One strategy used to measure depression is to look at the physical traits that are around the person.
*How organized is their home, bedroom, or office? Is it typically this way?
Was it this way before they were depressed?
*Are they keeping up on their physical hygiene? Do they remember the last time they showered or brushed their teeth?
*Is the vehicle they drive being regularly maintained?
*How is their yard or balcony? Are indoor plants being cared for?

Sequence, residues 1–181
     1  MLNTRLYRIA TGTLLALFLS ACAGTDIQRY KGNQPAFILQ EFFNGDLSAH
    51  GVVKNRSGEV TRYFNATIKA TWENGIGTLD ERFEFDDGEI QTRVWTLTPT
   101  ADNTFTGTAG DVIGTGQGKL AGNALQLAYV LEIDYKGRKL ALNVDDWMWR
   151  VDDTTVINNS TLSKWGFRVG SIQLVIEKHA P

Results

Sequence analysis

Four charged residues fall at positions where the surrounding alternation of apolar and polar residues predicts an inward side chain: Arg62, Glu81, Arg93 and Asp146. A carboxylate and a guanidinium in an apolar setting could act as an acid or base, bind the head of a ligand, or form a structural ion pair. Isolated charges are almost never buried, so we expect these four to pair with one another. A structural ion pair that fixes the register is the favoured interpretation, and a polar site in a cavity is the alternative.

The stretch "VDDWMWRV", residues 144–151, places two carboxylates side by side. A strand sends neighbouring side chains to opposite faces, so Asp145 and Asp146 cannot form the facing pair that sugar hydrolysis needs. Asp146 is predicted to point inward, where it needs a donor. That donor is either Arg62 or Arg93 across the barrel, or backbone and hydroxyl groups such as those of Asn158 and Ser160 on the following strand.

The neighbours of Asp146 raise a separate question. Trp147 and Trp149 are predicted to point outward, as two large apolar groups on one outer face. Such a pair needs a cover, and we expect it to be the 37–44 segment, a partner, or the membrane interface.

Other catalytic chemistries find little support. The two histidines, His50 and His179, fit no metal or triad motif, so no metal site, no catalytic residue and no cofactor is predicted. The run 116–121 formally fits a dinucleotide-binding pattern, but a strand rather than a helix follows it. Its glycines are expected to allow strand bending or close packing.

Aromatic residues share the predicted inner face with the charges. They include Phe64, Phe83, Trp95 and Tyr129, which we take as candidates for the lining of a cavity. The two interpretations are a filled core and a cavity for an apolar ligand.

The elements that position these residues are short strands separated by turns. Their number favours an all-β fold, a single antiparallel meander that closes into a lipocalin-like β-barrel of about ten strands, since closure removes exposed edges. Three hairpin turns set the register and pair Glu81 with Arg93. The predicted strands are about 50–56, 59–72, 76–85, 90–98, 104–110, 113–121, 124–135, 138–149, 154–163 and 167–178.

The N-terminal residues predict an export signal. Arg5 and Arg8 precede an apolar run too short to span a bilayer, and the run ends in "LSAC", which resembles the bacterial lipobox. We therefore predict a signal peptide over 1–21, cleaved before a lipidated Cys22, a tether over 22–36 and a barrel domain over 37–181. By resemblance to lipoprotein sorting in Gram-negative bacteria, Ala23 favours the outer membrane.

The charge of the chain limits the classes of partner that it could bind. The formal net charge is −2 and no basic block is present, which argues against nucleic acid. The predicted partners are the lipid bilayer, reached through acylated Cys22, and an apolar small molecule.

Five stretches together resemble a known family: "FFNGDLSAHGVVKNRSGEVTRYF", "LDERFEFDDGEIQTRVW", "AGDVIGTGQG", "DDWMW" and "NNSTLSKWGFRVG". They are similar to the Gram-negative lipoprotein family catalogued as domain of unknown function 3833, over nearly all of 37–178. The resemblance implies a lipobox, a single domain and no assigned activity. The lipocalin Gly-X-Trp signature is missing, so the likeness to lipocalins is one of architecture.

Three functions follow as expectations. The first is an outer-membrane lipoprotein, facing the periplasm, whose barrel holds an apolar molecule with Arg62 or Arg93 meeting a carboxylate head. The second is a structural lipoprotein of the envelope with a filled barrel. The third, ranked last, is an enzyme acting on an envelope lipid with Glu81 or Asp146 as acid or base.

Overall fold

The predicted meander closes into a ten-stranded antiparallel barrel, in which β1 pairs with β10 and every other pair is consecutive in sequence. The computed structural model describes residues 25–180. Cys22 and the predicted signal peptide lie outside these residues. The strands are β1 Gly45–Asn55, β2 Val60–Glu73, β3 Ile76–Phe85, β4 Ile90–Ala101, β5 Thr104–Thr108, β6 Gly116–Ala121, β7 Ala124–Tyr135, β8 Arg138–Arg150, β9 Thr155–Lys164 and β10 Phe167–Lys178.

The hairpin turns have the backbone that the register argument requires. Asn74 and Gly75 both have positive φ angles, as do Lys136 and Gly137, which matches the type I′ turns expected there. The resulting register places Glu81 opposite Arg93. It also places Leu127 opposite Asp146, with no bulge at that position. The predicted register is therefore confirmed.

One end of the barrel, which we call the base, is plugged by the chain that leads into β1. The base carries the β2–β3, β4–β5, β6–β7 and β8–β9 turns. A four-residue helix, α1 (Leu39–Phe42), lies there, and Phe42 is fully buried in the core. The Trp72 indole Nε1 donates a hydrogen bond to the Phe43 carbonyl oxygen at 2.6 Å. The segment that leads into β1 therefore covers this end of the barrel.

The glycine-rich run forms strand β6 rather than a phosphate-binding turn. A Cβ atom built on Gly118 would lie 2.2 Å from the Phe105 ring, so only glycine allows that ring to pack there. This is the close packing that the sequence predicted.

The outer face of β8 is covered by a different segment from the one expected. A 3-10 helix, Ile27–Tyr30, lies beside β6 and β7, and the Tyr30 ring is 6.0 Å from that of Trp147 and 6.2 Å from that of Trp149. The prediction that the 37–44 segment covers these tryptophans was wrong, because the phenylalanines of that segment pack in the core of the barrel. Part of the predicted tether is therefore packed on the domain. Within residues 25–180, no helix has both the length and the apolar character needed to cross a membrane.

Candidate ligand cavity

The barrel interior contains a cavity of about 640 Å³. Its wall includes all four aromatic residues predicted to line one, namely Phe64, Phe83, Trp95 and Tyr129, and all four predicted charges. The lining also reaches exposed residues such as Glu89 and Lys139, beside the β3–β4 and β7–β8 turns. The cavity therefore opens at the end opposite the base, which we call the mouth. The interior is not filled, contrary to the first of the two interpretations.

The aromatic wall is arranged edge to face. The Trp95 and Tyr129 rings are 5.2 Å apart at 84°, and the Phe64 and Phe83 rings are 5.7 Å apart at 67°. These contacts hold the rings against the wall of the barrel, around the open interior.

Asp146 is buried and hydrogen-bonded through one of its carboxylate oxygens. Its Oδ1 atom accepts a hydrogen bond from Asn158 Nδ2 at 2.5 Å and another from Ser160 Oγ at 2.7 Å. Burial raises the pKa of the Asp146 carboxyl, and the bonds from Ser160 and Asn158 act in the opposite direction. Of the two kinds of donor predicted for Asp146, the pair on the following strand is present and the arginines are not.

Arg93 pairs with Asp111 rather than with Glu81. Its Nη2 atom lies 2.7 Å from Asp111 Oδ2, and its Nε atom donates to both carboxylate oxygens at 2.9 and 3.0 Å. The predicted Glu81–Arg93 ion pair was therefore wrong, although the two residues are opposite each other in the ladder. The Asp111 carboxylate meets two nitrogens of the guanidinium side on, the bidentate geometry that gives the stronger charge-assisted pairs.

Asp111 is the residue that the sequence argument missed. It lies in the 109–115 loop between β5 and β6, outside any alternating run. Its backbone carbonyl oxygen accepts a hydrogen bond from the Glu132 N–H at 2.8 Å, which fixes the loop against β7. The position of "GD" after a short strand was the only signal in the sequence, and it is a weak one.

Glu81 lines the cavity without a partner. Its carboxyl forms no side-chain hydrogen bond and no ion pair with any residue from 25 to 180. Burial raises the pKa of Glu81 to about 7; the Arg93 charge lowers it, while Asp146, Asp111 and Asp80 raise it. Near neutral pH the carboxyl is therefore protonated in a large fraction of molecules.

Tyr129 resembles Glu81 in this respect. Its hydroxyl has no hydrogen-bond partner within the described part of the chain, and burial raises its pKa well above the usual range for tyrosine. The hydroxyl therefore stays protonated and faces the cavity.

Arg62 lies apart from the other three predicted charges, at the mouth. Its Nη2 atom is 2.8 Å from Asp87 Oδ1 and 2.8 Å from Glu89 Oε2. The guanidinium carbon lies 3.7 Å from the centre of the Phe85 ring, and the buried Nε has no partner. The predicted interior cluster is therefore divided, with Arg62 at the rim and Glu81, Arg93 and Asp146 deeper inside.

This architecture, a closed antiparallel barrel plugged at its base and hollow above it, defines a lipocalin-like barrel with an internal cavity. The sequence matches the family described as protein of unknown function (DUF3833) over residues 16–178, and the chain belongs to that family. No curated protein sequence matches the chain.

By looking at the physical surroundings, you can start to get an idea for the internal state of the person. If the person is recently depressed, you can compare recent behavior to past behavior. The cleanliness and completed tasks are a way to measure varying levels of depression; typically the more disorganized and undone things are, the deeper the depression may be.
For me personally, I know I am feeling the best when my yard is cared for, my children are clean, and my dishes are done. Some other things may be falling apart (I can't be perfect!) but these three areas are key peices of insight to my mental health.
I also find that the previous areas (yard, children, and dishes) are coping strategies for me. I enjoyed reading Ginger's blog today on how she used her coping skill of nature (inSERIOUSLYsane: The Healing Power of Nature).